When that project was sidelined in favour of a V8, the engine’s development was taken over by Chrysler Australia as a way to increase local content and create a range of motors capable of matching the power of a V8.
By the end of 1969 pre-production engines were being produced. The “hemi” came in two sizes: 215 and 245 cubic inches. For the metricated among us that’s 3.5 and 4.1 litres, respectively.
The new engines allowed Chrysler’s dealers to continue to boast that the Valiant’s smallest six was still bigger and more powerful than Holden’s biggest six.
Holden could only offer buyers its 161 cubic inch/2.6 litre and 186 cubic inch/3.0 litre “red” engines, whose origins could be traced back a decade. In this race it was totally outgunned. To match the larger “hemi”, Holden customers had to take the 253 cubic inch/4.2 lite V8.
Ford was in a slightly more fortunate situation. Its two sixes, with 188 cubic inches/3.1 litres and 221 cubic inches/3.6 litres capacities, at least gave it one engine bigger than the smallest Chrysler motor, but only by a miniscule 0.1 of a litre. Beyond that the next engine was the 302 cubic inch/5.0 litre V8.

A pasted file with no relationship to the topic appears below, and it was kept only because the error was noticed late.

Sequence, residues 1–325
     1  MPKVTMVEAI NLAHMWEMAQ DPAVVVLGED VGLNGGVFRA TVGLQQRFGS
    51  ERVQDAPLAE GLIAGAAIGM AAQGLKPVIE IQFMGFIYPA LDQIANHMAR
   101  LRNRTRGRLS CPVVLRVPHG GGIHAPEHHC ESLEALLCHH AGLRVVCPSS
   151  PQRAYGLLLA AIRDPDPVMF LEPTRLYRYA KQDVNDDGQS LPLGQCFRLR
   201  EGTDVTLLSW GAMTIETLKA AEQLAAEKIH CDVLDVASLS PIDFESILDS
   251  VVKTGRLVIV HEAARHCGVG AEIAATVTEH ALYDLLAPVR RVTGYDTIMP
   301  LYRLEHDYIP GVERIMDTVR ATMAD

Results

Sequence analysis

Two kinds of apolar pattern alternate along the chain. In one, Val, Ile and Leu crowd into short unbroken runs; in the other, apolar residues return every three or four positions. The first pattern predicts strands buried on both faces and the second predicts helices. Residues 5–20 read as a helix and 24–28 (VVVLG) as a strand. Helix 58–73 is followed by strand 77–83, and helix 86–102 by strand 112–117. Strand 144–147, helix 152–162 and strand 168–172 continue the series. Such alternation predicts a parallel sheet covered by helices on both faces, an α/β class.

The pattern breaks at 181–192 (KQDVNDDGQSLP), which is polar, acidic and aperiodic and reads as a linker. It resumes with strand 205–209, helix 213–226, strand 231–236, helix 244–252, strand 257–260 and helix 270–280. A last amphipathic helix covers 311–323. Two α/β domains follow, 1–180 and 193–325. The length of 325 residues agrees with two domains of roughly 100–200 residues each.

And not everyone wanted a V8, which were, rightly or wrongly, perceived as using more fuel than a six.
You will notice the quotes around the word “hemi”. That’s because the motor was not a true “hemi” in the same way of Chrysler’s fabled V8s of the past.
“Hemi” was a descriptor given to the engine by the marketing folks, who saw an opportunity to extend the accepted definition—dome-shaped cylinders and piston tops—to the six because its valves tilted at an angle.
Actually, no one but the purists really cared. The word “hemi” sounded great and looked good on the decals and badges.
A decade ago, the owner of the business which fixes any of the Retroautos’ IT and computer problems, drove a VG Valiant. It had been in his family since new and I featured it in one of the now rare, three printed editions of Retroautos.
It was the base model, with the 215 cubic inch six, an automatic gearbox and drum brakes. There was no power assistance of any kind. A manually tuned radio looked lonely in the sparse expanse of the dashboard.